A German journey into Asia’s past
When Hermann Gustav Theodor Sander (1868-1945), as documents suggest, was appointed as a military attache to the German Embassy in Japan in 1905, he probably had no idea what he would bring home after his two-year stay in Asia.
Many of the souvenirs he brought back lay forgotten until six years ago, when his grandson, Stefan Sander, found boxes of old photographs in his attic in Konigstein im Taunus, southwest Germany. “I knew my grandfather went to Asia, but by looking at the photographs, I couldn’t tell whether they were Japanese or Chinese or whatever,” the retired bank executive said. “And when I met a Korean woman at a birthday party that weekend, I showed her some photographs and asked her if she could tell me more.”
Acknowledging the importance of the items, Mr. Sander, who came to Korea last month to attend the exhibition’s opening, decided to donate to the museum most of his family heirlooms related to Korea. They chronicle life in the colonial era, and on display are prints made from 168 donated negatives.
Mr. Sander’s grandfather arrived in Tokyo in February, 1906, on a mission to collect information on the Russo-Japanese War. He started his journey in August, 1906, from Sakhalin via Korea in September, and on to Manchuria, Dalian, and Mukden, today known as Shenyang, in China. But he returned to Korea in March, 1907, and traveled around Seoul and down to Suwon, Gyeonggi province via Mokpo to Busan, then from Busan to Wonsan, Seongjin and Gilju in North Korea. Some of the souvenirs, such as brassware, hats, and paintings, that he collected during his travel in Korea were meant to be part of his museum in Mainingen, central Germany, but the mansion was bombed during World War II and many of the artifacts were damaged or destroyed. A handful of artifacts that survived the attack are at the Korea exhibition.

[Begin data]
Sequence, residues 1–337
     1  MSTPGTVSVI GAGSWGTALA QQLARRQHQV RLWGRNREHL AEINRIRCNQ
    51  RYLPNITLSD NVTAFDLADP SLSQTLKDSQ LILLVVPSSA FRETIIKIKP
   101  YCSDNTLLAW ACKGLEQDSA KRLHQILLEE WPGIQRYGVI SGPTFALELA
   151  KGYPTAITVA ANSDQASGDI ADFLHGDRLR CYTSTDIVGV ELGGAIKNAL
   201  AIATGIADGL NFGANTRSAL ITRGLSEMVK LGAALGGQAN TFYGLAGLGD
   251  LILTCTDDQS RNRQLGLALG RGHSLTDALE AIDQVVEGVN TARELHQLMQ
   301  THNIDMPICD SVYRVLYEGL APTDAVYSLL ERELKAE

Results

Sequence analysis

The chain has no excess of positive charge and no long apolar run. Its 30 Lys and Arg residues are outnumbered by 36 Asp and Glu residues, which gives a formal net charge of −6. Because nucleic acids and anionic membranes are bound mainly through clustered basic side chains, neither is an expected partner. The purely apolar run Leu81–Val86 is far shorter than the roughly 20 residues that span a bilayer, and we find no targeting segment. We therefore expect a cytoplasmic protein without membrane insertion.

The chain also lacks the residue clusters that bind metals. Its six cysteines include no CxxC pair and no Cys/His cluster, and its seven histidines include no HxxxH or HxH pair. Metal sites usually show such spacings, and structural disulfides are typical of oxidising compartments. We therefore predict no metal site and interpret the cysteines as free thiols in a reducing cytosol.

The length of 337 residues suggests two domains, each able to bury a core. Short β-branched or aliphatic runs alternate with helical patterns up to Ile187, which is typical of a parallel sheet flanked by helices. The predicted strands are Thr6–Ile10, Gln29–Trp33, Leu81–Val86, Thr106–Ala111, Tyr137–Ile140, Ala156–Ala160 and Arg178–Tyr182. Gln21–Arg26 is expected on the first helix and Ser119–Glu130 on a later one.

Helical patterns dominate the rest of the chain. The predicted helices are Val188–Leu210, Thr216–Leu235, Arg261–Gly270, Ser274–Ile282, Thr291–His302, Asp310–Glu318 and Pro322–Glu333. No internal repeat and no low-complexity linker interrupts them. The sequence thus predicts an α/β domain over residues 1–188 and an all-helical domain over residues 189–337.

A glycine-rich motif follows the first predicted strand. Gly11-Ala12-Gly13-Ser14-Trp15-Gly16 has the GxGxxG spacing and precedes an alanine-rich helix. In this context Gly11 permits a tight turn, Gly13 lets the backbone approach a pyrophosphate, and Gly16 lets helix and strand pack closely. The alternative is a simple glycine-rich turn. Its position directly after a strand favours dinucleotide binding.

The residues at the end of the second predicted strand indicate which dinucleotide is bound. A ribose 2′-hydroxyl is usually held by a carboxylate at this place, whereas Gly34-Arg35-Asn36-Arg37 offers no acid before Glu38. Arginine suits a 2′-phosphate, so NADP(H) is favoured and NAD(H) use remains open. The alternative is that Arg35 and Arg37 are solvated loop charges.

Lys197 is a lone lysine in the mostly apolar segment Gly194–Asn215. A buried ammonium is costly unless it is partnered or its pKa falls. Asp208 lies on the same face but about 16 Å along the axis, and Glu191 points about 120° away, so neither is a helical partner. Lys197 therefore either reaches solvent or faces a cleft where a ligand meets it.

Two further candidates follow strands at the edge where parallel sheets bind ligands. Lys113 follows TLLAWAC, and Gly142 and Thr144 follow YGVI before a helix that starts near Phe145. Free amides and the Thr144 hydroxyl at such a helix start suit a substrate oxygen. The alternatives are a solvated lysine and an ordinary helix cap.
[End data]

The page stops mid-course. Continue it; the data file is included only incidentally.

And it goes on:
Most of the photographs come with dates, places and detailed descriptions, and often include Mr. Sander’s grandfather. Some are set up to show the size of the people, place and objects. Recording specimens in such a manner was a common practice then for souvenir postcards used in the colonial era. But, being a foreigner, he misinterpreted some of the Korean practices, according to Kim Jong-tae, the exhibition’s curator. For example, Mr. Sander recorded Seodaemun, or West Gate, as North Gate, and described the image of a Korean man at a banquet to celebrate his 70th birthday as a “cookie seller.”
At times sweetly nostalgic and at other times horrifying, the late German officer’s collection of freeze frames seems to magically wind the clock back to the time when Gwanghwamun stood in front of a vast open plaza where Korean women wrapped in chador-like coats (known as a jangot) walked past. Whether they’re depicting a fleet of boats docking in the port of Busan or young children rejoicing in the market street, the small black-and-white photographs appear almost surreal a few generations later, in contrast to the colorfully vibrant lives of modern Korea today.
An additional feature of the exhibition, a video show comparing before-and-after images of Seoul, shifts viewers through a century of time in the blink of an eye, bringing one to the blissful realization that the experience of the peninsula was, after all, only one man’s personal vision.
by Ines Cho
“A German, Hermann Sander’s Journey” runs until Aug. 28 at the National Folk Museum of Korea. The museum is open from 9 a.m. to 6 p.m. daily except for Tuesdays. Admission is 3,000 won ($2.60) for adults; 1,500 won for youth ages 7 and 18, and free for children under age 6. For more information, call (02) 3704-3151 or visit the Web site, www.nfm.go.kr.
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